By Kate Merrill

BOSTON (CBS) — For many, recovering from COVID-19 can take time, even for those who have mild disease. WBZ-TV’s Kate Merrill knows this first-hand. After recovering from the virus a few weeks ago, she still finds her breathing is still not back to 100%. Figuring there are lots of people like her, she reached out to Brigham and Women’s Hospital Pulmonologist, Dr. Daniela Lamas for some guidance.

Kate: When you have a COVID patient, when they are first diagnosed, what are some of the things you recommend at first?

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Dr. Lamas: I have been recommending to patients to get a pulse oximeter, so they can check their oxygen level, clearly being on the lookout for worsening symptoms.

A pulse oximeter is one of those devices that when placed over your fingertip, it can read the oxygen saturation of your blood. Dr. Lamas told us that anything under 95% saturation should warrant a call to your doctor and anything under 90% means a trip to the hospital.

Kate: When I got COVID, I laid in my bed. I didn’t do anything because I didn’t feel good. But in hindsight, I didn’t do myself any favors by just staying in bed and not using my lungs.

Dr. Lamas: When you are in a bed and are just sort of lying in bed and slouched over in bed every day, if somebody is not taking deep breaths to really get to the bottom of the lungs, those can have little bits of collapse, not in a way that is permanent and not in a way that is dangerous. There are sort of exercises that you can do, sort of deep breaths basically with the goal to sort of get open the bottoms of your lungs. That’s kind of what you do when you exercise.

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Kate: What should I be doing, or someone like me who is post-COVID, to sort of build that [strength] back.

Dr. Lamas: Taking walks. Making sure that you are in that environment where you take deep breaths is important. We are still learning about COVID. The idea that you had it and it was mild thus you should just be able to bound back. Is not necessarily true for everyone. I would say, patients who have had COVID, if they do have sort of a new, persistent cough, wheeze, shortness of breath, [they should] talk to their primary care doctor about whether they would benefit from a referral to a pulmonary doctor and maybe pulmonary function testing could be beneficial.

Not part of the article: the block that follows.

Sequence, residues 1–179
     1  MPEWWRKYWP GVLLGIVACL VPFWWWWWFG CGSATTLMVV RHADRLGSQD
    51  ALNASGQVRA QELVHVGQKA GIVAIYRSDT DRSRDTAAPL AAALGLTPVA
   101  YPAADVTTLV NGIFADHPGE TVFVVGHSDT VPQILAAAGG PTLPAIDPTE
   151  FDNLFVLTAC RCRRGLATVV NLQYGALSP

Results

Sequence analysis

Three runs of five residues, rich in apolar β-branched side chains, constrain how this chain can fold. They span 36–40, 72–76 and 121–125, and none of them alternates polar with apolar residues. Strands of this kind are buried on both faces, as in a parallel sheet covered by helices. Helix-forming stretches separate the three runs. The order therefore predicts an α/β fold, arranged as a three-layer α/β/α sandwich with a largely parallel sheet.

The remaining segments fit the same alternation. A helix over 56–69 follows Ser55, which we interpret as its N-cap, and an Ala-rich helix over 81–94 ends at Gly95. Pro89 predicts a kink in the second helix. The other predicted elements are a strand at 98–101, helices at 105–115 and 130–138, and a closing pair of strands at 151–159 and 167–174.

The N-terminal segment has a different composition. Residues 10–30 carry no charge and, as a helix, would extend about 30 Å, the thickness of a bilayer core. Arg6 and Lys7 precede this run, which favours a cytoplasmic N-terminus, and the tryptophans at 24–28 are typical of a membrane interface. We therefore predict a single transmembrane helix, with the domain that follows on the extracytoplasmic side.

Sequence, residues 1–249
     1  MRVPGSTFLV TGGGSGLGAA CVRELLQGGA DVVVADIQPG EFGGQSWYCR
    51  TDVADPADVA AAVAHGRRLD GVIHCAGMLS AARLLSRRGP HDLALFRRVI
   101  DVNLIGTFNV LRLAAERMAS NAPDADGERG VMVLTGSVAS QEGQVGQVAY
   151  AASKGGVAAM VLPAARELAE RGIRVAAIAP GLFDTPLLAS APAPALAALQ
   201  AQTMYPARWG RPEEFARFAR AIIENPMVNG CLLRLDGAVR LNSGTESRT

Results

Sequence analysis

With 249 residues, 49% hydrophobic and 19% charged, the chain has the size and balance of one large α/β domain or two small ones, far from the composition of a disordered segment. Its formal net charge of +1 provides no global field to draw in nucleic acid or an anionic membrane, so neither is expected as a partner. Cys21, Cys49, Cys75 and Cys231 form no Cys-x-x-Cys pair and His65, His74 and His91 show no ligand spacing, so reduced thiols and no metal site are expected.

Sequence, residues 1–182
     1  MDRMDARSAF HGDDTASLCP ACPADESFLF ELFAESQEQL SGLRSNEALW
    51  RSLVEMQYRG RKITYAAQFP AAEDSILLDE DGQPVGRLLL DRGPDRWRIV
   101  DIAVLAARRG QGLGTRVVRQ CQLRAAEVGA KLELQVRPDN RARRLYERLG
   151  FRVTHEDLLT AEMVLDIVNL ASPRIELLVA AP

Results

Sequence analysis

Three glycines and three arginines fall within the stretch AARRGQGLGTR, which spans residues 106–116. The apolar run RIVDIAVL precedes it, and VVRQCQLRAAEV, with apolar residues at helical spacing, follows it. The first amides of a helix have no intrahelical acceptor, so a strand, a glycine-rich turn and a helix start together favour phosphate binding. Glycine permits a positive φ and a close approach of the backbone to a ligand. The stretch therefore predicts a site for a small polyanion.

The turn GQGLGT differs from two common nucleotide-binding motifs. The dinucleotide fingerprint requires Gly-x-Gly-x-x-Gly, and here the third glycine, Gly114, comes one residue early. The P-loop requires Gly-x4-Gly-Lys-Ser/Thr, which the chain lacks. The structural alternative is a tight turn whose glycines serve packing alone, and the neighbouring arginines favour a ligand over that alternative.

Doctors have found that turning some hospitalized COVID patients on their bellies can help improve breathing.

Kate: Lying on your stomach, is that something we should be doing?

Dr. Lamas: I don’t have any evidence that for people without a breathing issue as a result of COVID, without any COVID pneumonia… we don’t have that knowledge.

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Dr. Lamas told WBZ-TV  that breathing exercises won’t prevent you from getting serious disease, but they could help you recover, particularly if you have other health issues that prevent you from walking or other exercises to strengthen the lungs. She also said deep breathing can help with managing the stress that often comes along with a COVID diagnosis.

Kate Merrill